The Town of Woodstock Selectboard last night said they were convinced a 14-to-21 day full closure of North Bridgewater Road is the best option to facilitate a repair of Bridge #23 during the Summer of 2013. They gave their approval to continue planning for the project using the close the road and get the job done approach.
The State of Vermont held a public hearing on the project last night to discuss the pros and cons of building a work-around bridge to keep one lane of the bridge open during repair or simply closing the road. Building an alternative bridge would mean the project would take longer, although traffic would be able to get through. However, single lanes might not afford passage by larger vehicles and regular traffic would still be subject to some delays over a longer period.
Kristin Higgins, VTrans Project Manager, who is also a bridge engineer, gave a slide presentation reviewing the plans and potential costs of doing the repair one way or the other. She said the State is actually trying to incentivize quicker work with a program that reduces the costs to Towns if they opt for the complete “quick-n-dirty” road closure as opposed to an extended time to build a work-around bridge and keep-a-lane-open option.
Higgins estimated the savings to the Town of Woodstock would be approximately 30K if it agrees to a full closure rather than building a temporary bridge. A temporary bridge plan would also impact property owners as it would have to be built on portions of non-Town/non-State road.Higgins said it would also take more time for the State to work out rights-of-way in order to clear the area for building.
Attorney Dennis Shillen who lives in the area did offer some suggestions to minimize the impacts to the environment and to property which Higgins said could be considered.
Higgins says the potential plan for the North Bridgewater Road Bridge (which is closer to Rt. 12 near Prosper Road than to the roads other end at Rt. 4 in Bridgewater) is part of the “ABC: Accelerated Bridge Construction” approach the State of Vermont used quite effectively in the aftermath of Tropical Storm Irene. Higgins said a lot was learned from the intensive and quick work on many of those Irene-damaged roads and bridges. Under the new plan, the State of Vermont offers contractors and construction companies financial incentives to get the job done more quickly than contracted with financial penalties if the job goes over contracted time.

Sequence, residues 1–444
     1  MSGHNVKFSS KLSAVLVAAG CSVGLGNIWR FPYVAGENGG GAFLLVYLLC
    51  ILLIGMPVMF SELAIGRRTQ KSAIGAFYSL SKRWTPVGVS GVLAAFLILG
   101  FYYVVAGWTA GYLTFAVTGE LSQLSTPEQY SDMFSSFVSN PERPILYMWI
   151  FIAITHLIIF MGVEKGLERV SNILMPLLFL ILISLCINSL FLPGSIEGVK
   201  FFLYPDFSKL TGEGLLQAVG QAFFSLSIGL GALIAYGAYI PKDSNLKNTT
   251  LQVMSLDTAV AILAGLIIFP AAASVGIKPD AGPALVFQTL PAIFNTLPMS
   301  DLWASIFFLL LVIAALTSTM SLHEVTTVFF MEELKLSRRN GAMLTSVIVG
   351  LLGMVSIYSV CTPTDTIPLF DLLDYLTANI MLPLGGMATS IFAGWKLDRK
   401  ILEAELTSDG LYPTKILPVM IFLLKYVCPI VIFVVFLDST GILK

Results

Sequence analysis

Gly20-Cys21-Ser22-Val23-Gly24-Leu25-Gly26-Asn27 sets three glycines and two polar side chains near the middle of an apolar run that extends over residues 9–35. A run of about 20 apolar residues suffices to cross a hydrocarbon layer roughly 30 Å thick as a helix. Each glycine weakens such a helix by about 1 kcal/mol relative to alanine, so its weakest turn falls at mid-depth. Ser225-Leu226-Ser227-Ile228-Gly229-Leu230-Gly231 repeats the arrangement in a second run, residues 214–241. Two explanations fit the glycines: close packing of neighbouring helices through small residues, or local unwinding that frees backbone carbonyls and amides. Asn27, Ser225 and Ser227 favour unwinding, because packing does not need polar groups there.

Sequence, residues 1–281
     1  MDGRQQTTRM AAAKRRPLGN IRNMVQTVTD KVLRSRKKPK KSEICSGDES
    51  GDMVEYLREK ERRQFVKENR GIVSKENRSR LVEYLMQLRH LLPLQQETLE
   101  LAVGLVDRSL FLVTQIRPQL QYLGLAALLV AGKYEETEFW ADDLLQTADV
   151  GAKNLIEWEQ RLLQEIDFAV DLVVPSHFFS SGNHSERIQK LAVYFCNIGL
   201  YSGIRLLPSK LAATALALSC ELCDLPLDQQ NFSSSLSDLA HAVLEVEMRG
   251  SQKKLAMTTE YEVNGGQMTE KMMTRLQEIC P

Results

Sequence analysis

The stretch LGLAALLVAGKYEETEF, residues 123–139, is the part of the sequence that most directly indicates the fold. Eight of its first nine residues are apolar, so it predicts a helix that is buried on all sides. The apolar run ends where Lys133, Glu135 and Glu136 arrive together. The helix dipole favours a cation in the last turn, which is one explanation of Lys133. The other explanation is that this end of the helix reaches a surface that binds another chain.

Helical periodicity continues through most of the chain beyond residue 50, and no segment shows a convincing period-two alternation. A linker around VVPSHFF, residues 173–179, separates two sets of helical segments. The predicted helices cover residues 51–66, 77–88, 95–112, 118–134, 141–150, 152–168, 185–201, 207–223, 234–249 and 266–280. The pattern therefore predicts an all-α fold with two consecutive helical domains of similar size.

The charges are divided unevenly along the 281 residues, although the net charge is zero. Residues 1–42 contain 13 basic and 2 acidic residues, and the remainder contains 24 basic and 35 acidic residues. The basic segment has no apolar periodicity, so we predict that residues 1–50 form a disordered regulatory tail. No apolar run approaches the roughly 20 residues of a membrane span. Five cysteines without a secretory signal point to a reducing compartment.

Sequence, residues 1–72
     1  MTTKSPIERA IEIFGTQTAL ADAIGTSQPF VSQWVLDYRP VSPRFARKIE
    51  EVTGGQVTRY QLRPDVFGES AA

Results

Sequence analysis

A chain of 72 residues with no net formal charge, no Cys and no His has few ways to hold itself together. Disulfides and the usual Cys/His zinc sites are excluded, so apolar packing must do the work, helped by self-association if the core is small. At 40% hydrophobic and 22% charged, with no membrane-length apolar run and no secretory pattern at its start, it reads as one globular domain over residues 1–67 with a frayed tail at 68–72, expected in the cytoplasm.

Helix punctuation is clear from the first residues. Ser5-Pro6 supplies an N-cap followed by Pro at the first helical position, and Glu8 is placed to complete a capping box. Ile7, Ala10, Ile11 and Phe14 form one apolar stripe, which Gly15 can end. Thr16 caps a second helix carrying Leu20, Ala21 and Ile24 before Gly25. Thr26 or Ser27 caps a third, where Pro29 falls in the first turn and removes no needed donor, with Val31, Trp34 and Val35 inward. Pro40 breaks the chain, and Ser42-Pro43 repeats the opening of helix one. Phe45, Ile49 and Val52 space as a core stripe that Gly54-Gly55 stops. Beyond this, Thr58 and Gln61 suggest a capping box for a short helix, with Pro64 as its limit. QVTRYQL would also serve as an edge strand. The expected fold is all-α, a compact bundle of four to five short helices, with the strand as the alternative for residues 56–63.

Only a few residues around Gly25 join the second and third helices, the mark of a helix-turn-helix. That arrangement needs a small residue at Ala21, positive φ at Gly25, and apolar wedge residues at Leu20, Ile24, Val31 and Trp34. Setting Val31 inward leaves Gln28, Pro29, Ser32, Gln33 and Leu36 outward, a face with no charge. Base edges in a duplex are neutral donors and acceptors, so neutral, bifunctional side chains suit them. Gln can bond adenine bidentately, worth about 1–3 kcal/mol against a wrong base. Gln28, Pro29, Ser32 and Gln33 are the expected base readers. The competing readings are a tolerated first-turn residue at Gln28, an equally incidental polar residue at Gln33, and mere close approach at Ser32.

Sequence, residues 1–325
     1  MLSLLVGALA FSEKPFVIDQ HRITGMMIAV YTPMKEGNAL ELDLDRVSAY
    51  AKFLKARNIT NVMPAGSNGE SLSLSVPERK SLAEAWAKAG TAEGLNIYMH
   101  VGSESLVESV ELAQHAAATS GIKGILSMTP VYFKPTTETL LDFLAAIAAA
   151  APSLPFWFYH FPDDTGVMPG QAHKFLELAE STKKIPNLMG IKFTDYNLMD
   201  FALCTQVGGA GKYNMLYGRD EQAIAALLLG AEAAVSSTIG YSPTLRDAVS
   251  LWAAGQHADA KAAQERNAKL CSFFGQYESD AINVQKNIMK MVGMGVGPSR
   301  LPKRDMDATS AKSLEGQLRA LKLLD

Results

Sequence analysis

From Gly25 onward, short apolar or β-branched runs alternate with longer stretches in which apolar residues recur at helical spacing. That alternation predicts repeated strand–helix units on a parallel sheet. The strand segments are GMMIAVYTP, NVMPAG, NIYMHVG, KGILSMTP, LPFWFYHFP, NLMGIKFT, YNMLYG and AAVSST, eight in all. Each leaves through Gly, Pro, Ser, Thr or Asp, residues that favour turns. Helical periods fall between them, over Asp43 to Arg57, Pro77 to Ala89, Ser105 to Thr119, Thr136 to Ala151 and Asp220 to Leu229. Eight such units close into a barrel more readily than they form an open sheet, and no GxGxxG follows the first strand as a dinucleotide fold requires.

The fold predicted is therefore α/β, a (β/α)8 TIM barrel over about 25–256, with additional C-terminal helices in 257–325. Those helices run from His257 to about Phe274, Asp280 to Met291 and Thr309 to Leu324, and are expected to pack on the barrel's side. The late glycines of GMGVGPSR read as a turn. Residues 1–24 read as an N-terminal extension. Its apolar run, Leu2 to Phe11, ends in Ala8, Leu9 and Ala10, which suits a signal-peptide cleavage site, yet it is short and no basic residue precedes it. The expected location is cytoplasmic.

The Selectboard said it made sense from an in convenience and a cost point of view to opt for the shortened but more drastic impact repair schedule. It would mean just a potential two to three weeks of inconvenience with the Town only paying 5% of the cost of repair as opposed to 10%.
Neighbors and property owners along the road did want to know what the distance of a round-about approach to get from one side of the bridge to the other should they need to during the 14 to 21 day period of construction. It is estimated at approximately 12 miles.
Those living along North Bridgewater Road are also concerned about access for emergency vehicles as there is at least one person who relies on a “Lifeline” responder system. Higgins and Municipal Manager Phil Swanson said the procedures for emergencies would be the same which will be to inform dispatch and that before bridge construction begins, an emergency response plan for firetrucks and ambulances will be established.
The work on the North Bridgewater Road Bridge is not scheduled to begin until next summer.